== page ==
No matter the capacity of a venue or the size of a crowd, a
good show is still a successful show; this is a rule many uprising bands must
keep in mind in recent times. If a band can still bring in a sizeable audience
and make an impact on the attendees, they have done something right and the
small actions can play the largest of roles early on in a musical career.
Wiltshire alternative outfit All Ears Avow reached a huge milestone in
their timeline with their first London headline show that Saturday night in at
Camden’s own The Black Heart.
The room was electric and the power was felt by all watching, some singing and screaming along, and everyone applauding and cheering after every song played – that is what supporting smaller talent is all about.
This show follows the December release of their second EP, ‘Skin and Bones’, which was met with many positive reviews, and their set was a testament to how they live and breathe their art. Opening the show with the EP’s title track “Skin and Bones”, they did not miss a beat and brought the energy for the entirety of the night.
Mixing in tracks from ‘Skin and Bones’ and their 2017 EP, ‘Edge
of This’, this was a night where if any attendees were not fans or even aware
of the works of All Ears Avow, there was a massive chance they left with a new
band in their mind, looking up their music on streaming sites, or even grabbing
a physical CD to spin in the next day or two. The whole venue had a positive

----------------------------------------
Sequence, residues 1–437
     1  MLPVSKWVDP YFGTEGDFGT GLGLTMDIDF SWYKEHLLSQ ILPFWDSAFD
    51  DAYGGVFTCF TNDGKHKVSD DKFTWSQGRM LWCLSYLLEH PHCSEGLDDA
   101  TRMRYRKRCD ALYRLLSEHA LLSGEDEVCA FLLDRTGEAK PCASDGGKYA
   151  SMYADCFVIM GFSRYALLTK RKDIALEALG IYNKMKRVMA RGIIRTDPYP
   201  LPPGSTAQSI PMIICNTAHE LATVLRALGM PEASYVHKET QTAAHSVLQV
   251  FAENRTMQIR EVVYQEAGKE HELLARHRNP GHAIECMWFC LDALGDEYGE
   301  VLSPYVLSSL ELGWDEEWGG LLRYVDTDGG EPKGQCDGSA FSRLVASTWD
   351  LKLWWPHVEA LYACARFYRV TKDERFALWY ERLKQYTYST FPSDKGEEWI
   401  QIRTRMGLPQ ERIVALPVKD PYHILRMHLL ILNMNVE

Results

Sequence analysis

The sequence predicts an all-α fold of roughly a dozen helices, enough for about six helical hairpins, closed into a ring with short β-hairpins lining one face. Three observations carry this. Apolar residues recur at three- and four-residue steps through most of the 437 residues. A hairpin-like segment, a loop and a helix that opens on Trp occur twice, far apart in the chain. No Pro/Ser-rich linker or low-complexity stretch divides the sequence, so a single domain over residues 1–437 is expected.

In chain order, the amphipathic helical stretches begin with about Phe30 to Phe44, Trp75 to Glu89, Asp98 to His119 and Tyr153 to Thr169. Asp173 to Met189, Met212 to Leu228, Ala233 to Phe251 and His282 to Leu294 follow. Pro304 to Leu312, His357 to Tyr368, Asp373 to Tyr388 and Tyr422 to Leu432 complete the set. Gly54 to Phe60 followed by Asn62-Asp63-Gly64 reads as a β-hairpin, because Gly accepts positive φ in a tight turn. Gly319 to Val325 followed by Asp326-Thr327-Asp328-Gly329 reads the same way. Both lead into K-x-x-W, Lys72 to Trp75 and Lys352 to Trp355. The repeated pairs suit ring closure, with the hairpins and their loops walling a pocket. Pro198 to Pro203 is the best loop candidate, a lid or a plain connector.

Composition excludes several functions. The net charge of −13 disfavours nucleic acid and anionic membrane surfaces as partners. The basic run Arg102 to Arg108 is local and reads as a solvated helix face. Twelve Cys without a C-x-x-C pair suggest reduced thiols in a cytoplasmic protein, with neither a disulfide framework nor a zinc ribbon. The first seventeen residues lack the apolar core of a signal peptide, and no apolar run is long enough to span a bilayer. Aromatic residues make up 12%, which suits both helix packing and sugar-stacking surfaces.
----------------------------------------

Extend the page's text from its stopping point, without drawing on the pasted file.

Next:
and exciting atmosphere, and the group themselves expressed their joyous
dispositions together and with the crowd before them.
Staying humble and showing mass appreciation speaks plenty about how a band approach their music; for All Ears Avow, it was mostly lead vocalist Claire Sutton and guitarist Jake Willcock who decided to chat to the crowd and bring in the participation; with an occasional moment of drummer Sean Ivens sharing some humour with a selection of the admittedly inebriated audience.
This was a band that take their music both seriously, yet not
too seriously that it ruins the high spirits of a show.
The truest life of the party was bassist Joe Bishop, who played around and posed throughout the group’s set, eliciting some friendly laughter from the crowd who were watching his outlandish faces and jumpy dance moves to the beat of his own music. There should also be special praise for the chemistry between himself and frontwoman Sutton, who was definitely in on the jokes and aided in breaking the separation between the band and their fans with giggles and gags.
What indicated that this small-time British band for sure
made an impact this night? Once they finished their last scheduled song of the
night and left the stage, this was not met calmly. There were cheers and woos
and unbelievably heartfelt chants of “one
more song, one more song”. To the crowd’s pleasure, the foursome returned
onstage for their last – definite last – song of the night before winding down
and coming to chat with friends and family in attendance, along with spectators
All Ears Avow – now preparing for a short UK tour in March – should feel proud for managing to take over the English capital and bringing a smile to every person’s face during the night, because it is not the easiest thing to do. As stated at the beginning, any good show is a successful show. If this one night is anything to go by, their tour will take the whole country by storm and allow them to climb higher and higher.
All Ears Avow, with their own alternative and pop-rock tunes
with catchy choruses and bouncy basslines, deserve every ounce of praise they
get if they stay on the course they are currently on. There will be no stopping